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Friday, 8 May 2015

Shrinking and vitrification

After the successful coprolite testing and firing I am now working on another research project. This time developing clay bodies and castable for kiln building for the Oxford Anagama Kiln Project . These are the second series of clay body tests, and what's interesting for me is how much can be learnt about a clay without recourse to expensive scientific approaches, such as chemical analysis and temperature expansion tests.
First up, shrinkage bars. These are made from around 100g of made up clays, rolled, flattened and marked accurately with a 10cm line. Dry shrinkage and fired shrinkage percentages can be measured. The bars also give other invaluable information such as colour (and likely iron content), warping, cracking and (as the far right bar on the lower line shows) bloating.

Straight from the stoneware firing in a gas kiln, the bars are weighed, then boiled in water and left for 24 hours. This is to allow water to enter any pores in the clay so that the clay can soak up as much as it can.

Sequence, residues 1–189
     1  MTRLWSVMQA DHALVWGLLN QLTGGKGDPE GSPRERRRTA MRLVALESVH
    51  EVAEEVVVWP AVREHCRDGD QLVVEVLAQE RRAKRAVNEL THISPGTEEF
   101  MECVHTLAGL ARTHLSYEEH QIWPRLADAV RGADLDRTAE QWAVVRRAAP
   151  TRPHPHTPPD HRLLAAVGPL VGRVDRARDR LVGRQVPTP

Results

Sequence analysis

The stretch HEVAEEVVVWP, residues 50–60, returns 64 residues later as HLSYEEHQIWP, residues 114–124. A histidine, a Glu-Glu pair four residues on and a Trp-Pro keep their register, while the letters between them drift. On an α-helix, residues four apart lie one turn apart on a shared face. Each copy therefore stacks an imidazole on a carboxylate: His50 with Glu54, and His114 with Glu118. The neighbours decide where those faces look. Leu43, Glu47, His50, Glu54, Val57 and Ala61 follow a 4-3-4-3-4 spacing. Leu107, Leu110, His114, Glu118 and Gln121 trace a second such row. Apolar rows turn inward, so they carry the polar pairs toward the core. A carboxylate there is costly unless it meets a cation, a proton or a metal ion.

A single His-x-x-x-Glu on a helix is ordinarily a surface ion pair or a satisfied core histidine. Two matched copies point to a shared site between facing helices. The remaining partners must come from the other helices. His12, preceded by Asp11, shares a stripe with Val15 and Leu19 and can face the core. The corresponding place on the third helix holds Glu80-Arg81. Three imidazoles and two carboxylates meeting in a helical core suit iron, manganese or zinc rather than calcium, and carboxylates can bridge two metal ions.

The bars are then wiped with a lightly damp sponge and weighed again.

Next is the vaguely Heath Robinson contraption shown here. The bars are suspended on a fishing line, from the scales, so that they are suspended in water. Their suspended weight is measured.
The porosity of the clay can be calculated using the following formula:
soaked weight - dry weight/soaked weight - immersed weight x 100
Porcelain often has a very low porosity as it is fully vitrified, giving it translucency. However, over vitrification can be problematic for stoneware clays, and a porosity of between 2 and 4% is generally better.

I also need to get an idea of the expansion/contraction of the clay during firing, and thus the silica content of the clay. The higher the free silica content, the more the clay shrinks on cooling and therefore the less glazes might craze. Too much of this, especially in a long woodfiring, can lead to dunting and brittle pots. I make small tiles of the clays and put a standard clear, or in this case celadon, glaze on, so I can see the extent of crazing on them. Too much and I may need to add quartz to the mix, too little and less quartz or the introduction of a lower silica (higher crazing) clay.